In considering the impact of the former director of people and culture’s pregnancy on her notice entitlement, the court noted past cases which ruled that “fairly or not,” being pregnant did not enhance an individual’s immediate employability.

Honeycomb argued that it would be problematic for the court to find that pregnancy is a barrier to employment, as it implies that prospective employers will violate human rights laws in making hiring decisions. The court found that there are reasonable, bona fide reasons why a company may not hire a pregnant person, namely: “An employer seeking to fill a position is likely to have an immediate need for someone in the role. The prospect of a new employee who will shortly require a lengthy leave will be unappealing to many employers and may not meet bona fide needs of their organization.”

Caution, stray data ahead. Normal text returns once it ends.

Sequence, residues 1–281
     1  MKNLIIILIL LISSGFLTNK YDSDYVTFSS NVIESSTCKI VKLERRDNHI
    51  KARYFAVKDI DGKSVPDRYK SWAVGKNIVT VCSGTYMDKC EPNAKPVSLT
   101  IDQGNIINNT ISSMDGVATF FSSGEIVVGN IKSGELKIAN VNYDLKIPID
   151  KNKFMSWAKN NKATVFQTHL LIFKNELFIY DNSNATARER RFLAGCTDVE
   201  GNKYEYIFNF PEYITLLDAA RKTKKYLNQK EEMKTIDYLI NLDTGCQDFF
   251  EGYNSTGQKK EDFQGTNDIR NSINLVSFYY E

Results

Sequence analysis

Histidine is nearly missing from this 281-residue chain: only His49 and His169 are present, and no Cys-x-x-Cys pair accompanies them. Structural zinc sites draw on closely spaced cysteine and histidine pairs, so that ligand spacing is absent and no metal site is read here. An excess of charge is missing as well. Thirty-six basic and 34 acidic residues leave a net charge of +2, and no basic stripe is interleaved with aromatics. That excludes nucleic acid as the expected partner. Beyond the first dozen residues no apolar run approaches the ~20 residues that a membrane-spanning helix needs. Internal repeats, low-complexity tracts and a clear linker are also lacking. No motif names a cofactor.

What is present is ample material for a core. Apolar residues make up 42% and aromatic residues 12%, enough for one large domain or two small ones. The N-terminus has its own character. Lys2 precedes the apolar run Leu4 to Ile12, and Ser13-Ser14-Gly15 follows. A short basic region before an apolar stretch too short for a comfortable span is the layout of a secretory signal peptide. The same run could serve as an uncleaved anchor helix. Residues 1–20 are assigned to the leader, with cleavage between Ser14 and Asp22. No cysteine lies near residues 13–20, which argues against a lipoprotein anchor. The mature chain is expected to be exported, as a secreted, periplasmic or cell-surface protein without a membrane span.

The court awarded the former director of people and culture five months of notice.

Takeaways for Employers

The best way for employers to protect themselves from notice disputes is to ensure that their new hires sign valid employment contracts before they start work. A properly drafted employment contract will bring certainty to an employee’s termination entitlements—even if they are pregnant.

While not discussed in this case, there is also always the risk of a human rights violation when terminating a pregnant employee. An employer should never terminate an employee because they are pregnant—to do so will usually be a violation of that employee’s human rights, exposing the employer to a human rights claim.

SpringLaw is a law firm in Toronto. © 2021 SpringLaw. All rights reserved. Reposted with permission of Lexology.